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July 28, 2016

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40.3 ! 3rd-hottest day since 1873

THE mercury reached 40.3 degrees Celsius yesterday, making it the hottest day this year and the third-hottest since the city began keeping records in 1873, said officials.

The Shanghai Meteorological Bureau issued an orange heat wave alert at 9:17am yesterday morning and upgraded it to red — the highest in a three-level color system — at 1:12pm to warn that the mercury would hit 40 degrees. It was this year's second red heat wave alert — the first was last Saturday, when the mercury hit 40 degrees.

According to the weather bureau, the hottest day in history was on August 7, 2013 (40.8 degrees Celsius). The second-highest temperature was 40.6 degrees, which occurred three times in July and August 2013. The fourth was a 40.2-degree high on July 12, 1934 and again on August 8, 2013.

Fu Yi, an official at the weather bureau, told Shanghai Daily that the record-breaking temperatures are mainly caused by direct sunlight and sinking air brought by the subtropical high-pressure belt.

“The subtropical high brings us sunny weather and the strong sunshine makes the ground overheated. Meanwhile, the sinking air’s compression also contributes to the rising temperature.”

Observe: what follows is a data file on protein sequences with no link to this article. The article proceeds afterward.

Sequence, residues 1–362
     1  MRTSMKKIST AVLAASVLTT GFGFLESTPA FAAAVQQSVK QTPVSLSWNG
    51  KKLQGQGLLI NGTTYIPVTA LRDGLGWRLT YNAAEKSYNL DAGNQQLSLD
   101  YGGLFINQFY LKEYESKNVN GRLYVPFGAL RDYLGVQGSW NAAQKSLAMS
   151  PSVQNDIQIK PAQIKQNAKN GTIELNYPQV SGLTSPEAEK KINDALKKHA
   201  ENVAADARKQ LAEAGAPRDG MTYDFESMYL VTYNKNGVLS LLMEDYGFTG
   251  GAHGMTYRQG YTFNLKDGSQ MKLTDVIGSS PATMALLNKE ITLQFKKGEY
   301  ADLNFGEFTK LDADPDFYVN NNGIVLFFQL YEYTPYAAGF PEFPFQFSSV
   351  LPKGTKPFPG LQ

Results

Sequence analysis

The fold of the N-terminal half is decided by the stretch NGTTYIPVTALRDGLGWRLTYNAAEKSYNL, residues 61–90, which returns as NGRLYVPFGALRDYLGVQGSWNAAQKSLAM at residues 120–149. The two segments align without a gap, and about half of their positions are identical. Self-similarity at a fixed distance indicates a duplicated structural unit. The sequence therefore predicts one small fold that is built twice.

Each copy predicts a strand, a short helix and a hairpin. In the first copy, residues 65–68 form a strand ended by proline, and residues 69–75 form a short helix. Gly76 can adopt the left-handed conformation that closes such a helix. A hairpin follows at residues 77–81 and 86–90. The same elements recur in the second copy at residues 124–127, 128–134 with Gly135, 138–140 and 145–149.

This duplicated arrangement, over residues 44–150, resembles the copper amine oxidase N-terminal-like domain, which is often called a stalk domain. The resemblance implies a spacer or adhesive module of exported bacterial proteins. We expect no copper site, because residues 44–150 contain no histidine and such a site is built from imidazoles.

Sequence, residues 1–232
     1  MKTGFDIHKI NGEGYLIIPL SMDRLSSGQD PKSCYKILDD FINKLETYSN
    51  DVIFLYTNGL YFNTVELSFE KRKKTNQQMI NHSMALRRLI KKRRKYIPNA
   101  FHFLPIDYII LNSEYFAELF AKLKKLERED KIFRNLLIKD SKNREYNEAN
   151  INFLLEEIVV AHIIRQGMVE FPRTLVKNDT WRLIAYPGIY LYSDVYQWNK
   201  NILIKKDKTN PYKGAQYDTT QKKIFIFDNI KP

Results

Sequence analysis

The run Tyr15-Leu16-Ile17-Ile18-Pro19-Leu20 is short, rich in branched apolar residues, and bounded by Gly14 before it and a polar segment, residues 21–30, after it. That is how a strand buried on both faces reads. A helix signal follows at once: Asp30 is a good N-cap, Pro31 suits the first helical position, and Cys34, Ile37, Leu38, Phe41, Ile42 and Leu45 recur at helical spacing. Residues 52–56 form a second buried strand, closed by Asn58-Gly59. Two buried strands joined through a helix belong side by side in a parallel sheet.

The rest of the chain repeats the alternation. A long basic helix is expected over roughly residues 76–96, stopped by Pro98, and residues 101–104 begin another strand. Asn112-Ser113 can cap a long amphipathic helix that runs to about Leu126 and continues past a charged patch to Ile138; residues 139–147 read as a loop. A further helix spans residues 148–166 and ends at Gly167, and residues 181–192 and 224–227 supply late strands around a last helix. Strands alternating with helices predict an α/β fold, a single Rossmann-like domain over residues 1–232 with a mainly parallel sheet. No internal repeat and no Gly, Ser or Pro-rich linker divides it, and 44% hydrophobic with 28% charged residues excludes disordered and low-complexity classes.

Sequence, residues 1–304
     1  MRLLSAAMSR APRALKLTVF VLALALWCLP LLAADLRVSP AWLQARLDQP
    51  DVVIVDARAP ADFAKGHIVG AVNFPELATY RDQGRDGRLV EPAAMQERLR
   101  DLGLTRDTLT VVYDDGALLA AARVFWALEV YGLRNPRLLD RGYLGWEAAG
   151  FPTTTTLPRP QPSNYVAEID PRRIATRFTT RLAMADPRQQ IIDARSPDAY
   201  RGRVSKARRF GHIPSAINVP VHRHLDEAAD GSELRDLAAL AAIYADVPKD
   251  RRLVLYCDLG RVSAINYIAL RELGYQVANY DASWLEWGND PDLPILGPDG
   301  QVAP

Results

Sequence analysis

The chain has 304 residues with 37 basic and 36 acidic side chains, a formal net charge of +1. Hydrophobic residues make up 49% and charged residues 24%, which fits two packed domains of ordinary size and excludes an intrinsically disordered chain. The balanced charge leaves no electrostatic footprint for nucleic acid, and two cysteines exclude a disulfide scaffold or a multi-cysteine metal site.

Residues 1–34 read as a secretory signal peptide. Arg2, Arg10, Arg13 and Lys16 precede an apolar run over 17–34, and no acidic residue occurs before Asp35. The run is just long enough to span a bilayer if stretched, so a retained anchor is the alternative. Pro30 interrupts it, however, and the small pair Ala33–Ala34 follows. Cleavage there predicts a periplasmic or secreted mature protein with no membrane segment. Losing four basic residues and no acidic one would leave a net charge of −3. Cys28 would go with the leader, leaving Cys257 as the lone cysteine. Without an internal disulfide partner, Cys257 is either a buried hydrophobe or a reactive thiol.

Fu said the southwesterly wind blowing through the city yesterday was too warm to alleviate the scorching conditions.

The city yesterday entered “Zhong Fu” — the hottest period during “San Fu,” which is also known as the dog days of summer. This year's “San Fu” will last for 40 days, 20 of which comprise the “Zhong Fu” period.

Along with the heat, afternoon thundershowers are expected through the end of July.

A mixture of sun and clouds is expected tomorrow with a high of 39 degrees, but the mercury will gradually fall to 35 degrees by the beginning of next week.

The sweltering weather is likely to subside next week after the subtropical high moves a bit northwards and cool southeasterly air flows into the city.

Meanwhile, electricity usage in Shanghai reached a record high of 31,196 megawatts yesterday afternoon, the State Grid Shanghai Electric Power Company said. The city’s power usage, which is up 4.6 percent over last year, hit the historic peak at 1:35pm.

The power supplier said the city can generate as much as 20,000 megawatts of electricity, but about 15,012 megawatts can be supplied from sources outside the city if it is needed.

The power supply is still sufficient to keep the city running, a company official said.

Over 2,000 repairmen and 400 vehicles are standing by to deal with any power problems, the company said.

Repairmen are dealing with about 1,900 power malfunctions every day on average this summer, it added.


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